You’ll need to figure out the number of working weeks in a year for planning your work schedule, managing annual leave, and calculating entitlements. A standard year comprises 52 weeks. But how many of those do people normally work?
Well, it's not quite as simple as you might think. The figure will change depending on public holidays and each employee’s annual leave entitlements.
Here’s how it all works.
How many working weeks are in a year?
The standard number is typically around 47-49 working weeks in a year when working a full-time job.
Your exact number of working weeks can differ based on the company you work for and their specific holiday policy. Ordinarily, you would have at least 28 days of statutory holiday if you work full time, which is equivalent to around 5.6 weeks of holiday per year. So subtracting your holiday entitlement from the original 52 weeks will give you a more accurate number of your personal working weeks.
It's worth noting the actual number of working days can vary annually as well, considering that not all years are made equal, due to leap years. Part-time workers and those with irregular hours will also need to adjust their calculations accordingly to accurately reflect their working patterns.
What counts as a working week
A working week for a full-time employee typically consists of five working weekdays, from Monday to Friday, totalling 40 hours. This assumes an 8-hour workday. However, the actual number of working weeks can be less due to public holidays and personal leave. Here's a simple breakdown:
- Total number of weeks in a year: 52
- Public holidays: 8 days
- Typical annual leave entitlement: 28 days (5.6 weeks including public holidays)
So, if you subtract leave from the total, you'd have approximately 47-49 working weeks in a year.
Working Time Regulations
In the UK, the Working Time Regulations ensure that your average working hours don’t exceed 48 hours per week unless you've agreed to work longer. This cap helps maintain a balance between work life and personal time. Here's what you should take note of:
- Average work hours: Your average number of hours worked is calculated over a 17-week period.
- Night work limits: Special rules apply if you're a night worker.
Your annual income and hourly rate can be influenced by these regulations. For example, if your contract stipulates a 37.5-hour week, then this could affect the total number of hours you work across a year compared to the standard 40-hour work week. Keep in mind that the Working Time Regulations are there to protect your health and safety by ensuring that your time on the job, including overtime, is within reasonable limits.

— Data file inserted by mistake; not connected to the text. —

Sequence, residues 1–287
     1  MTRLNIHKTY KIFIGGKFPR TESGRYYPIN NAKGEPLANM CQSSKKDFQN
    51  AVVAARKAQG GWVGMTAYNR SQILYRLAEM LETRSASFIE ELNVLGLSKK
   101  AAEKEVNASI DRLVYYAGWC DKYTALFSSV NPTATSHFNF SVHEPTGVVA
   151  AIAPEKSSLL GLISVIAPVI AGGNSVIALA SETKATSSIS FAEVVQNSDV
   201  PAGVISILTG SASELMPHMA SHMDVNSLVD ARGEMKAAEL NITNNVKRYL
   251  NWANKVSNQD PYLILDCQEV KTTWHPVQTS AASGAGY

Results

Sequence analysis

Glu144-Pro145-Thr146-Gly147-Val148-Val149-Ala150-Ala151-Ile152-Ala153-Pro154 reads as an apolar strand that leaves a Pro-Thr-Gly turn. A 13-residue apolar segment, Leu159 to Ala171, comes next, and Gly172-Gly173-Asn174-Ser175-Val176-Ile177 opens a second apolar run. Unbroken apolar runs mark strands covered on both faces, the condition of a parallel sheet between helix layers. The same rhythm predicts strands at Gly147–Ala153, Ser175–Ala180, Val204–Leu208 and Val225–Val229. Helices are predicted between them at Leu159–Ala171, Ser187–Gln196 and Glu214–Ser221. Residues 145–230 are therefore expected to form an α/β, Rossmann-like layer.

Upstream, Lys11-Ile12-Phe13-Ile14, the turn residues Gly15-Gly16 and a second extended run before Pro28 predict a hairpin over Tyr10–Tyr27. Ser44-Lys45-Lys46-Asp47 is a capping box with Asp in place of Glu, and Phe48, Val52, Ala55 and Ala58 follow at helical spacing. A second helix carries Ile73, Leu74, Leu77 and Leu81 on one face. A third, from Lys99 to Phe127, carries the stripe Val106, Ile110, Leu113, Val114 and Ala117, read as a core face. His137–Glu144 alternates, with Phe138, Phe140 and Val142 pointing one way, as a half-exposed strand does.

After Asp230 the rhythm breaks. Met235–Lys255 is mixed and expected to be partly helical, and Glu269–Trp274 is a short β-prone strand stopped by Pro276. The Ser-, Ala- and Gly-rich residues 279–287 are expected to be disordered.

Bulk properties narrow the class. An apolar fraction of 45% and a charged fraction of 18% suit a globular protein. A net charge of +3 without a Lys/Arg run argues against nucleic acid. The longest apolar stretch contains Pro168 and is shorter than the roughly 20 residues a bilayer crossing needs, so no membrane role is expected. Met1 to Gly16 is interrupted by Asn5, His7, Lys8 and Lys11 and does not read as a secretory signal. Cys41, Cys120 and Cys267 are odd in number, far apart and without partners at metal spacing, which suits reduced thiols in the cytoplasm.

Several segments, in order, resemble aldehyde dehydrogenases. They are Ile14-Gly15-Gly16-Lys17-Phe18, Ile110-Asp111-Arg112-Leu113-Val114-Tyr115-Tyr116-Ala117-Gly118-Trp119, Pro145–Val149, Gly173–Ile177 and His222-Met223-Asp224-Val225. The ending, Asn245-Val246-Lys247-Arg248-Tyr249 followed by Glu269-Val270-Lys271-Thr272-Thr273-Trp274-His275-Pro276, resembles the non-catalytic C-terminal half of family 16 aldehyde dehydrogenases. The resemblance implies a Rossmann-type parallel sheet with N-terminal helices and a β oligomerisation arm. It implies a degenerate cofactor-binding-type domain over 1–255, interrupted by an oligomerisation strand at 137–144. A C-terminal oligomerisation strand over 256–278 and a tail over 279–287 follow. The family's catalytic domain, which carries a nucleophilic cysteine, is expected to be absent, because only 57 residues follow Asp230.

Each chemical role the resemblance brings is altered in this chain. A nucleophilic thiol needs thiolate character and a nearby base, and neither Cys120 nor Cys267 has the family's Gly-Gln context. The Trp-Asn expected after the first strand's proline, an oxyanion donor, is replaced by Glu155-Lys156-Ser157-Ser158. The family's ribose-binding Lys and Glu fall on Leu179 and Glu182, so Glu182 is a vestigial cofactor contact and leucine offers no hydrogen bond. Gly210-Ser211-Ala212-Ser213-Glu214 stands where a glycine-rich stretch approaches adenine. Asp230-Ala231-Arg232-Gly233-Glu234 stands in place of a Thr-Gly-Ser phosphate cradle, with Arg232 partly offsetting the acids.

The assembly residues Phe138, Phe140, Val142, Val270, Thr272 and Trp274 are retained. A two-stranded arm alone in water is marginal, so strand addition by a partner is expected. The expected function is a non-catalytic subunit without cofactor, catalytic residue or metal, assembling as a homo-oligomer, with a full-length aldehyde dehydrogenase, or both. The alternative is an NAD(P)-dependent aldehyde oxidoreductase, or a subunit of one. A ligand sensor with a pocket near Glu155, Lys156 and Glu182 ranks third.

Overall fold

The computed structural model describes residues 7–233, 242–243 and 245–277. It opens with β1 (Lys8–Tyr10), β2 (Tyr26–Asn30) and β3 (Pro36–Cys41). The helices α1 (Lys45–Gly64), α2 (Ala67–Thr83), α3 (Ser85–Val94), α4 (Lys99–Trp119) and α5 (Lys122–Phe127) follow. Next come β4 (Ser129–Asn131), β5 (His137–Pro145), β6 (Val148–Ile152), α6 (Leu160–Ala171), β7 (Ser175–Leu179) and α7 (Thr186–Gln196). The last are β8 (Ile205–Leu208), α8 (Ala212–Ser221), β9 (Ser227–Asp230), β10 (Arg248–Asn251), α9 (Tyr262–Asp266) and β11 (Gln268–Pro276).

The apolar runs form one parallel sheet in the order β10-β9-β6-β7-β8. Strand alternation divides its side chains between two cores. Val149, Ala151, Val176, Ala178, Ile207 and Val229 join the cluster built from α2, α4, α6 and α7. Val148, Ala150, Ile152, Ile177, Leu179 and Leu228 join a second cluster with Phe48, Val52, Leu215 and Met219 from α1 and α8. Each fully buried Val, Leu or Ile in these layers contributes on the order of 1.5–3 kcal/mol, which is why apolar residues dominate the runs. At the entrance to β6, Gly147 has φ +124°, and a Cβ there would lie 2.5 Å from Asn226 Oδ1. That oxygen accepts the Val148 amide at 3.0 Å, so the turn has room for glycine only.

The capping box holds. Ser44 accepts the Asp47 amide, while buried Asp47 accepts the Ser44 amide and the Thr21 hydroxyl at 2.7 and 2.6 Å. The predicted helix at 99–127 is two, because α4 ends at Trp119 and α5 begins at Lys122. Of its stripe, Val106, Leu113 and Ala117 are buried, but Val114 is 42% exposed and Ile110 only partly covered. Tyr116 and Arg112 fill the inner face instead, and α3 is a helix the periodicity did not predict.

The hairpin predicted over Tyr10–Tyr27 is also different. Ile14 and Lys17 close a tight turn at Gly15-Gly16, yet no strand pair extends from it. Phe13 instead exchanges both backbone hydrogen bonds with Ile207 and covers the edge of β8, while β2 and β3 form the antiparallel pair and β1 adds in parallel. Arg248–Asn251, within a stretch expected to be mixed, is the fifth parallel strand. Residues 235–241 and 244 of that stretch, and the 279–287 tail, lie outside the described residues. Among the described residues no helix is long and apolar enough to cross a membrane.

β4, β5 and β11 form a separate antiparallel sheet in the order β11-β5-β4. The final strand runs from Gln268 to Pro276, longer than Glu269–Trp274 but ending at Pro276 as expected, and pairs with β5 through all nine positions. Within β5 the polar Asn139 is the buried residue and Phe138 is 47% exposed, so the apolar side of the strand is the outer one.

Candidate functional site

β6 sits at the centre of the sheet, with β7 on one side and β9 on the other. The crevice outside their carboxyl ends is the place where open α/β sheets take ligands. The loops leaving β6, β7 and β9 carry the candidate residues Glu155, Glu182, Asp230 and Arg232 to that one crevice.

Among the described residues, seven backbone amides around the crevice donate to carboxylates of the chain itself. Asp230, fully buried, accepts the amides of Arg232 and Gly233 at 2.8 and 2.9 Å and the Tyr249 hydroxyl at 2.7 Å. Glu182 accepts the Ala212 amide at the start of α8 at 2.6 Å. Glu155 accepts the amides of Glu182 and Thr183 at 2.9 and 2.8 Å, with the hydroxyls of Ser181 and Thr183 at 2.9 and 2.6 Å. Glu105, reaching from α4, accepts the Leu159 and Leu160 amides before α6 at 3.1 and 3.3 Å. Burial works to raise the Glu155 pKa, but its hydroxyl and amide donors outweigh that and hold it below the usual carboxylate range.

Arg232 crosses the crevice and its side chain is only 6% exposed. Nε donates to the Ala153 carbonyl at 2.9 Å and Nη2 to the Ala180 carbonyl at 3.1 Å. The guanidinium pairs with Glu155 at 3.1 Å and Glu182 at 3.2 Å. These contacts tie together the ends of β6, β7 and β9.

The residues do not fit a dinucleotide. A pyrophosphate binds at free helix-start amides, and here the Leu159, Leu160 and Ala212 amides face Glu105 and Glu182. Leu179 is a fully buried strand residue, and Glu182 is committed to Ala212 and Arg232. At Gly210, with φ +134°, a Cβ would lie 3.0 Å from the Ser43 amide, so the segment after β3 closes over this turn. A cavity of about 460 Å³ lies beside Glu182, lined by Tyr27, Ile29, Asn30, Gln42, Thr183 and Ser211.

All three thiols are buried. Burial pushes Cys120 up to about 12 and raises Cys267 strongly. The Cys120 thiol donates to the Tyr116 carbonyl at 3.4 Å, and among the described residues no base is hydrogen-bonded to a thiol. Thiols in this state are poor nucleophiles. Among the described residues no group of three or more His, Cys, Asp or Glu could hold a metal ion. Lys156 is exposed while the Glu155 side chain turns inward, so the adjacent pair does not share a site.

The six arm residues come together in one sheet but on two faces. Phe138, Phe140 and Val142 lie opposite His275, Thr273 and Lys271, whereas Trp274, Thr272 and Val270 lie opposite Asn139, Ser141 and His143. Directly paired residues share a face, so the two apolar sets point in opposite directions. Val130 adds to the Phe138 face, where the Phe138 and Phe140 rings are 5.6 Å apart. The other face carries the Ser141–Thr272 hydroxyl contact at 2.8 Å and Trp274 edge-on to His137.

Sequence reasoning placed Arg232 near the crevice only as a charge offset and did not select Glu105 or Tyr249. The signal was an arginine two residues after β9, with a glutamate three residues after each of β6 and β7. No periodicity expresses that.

Figuring out your working weeks for the year
When planning your work year, you might want to count the typical working weeks, factor in public holidays and bank holidays, as well as your entitled annual leave.
Calculating work weeks
The number of weeks in a calendar year is 52. However, the total working weeks figure will vary based on your specific work schedule. If you work a traditional Monday to Friday job, you’ll have weekends off, meaning each working week is 5 days long. Paid leave, such as PTO (paid time off), sick leave, and vacation days, should also be subtracted to get a precise count of your actual working weeks.
Public and bank holidays
In the UK, there are typically 8 public holidays and bank holidays like New Year’s Day and Christmas Day. As these are days you won't be required to work, we remove them from the count of working weeks. In certain years, there might be an extra day or additional day granted for special occasions, like a national celebration or commemoration.
Your entitlement to annual leave will influence the number of working weeks in the year. A standard full-time employment contract should include around 28 days of paid leave, which equates to 5.6 weeks off including bank holidays. This leave decreases the number of weeks in which you actually work. Remember, every company has different policies, and some might offer more generous leave allowances.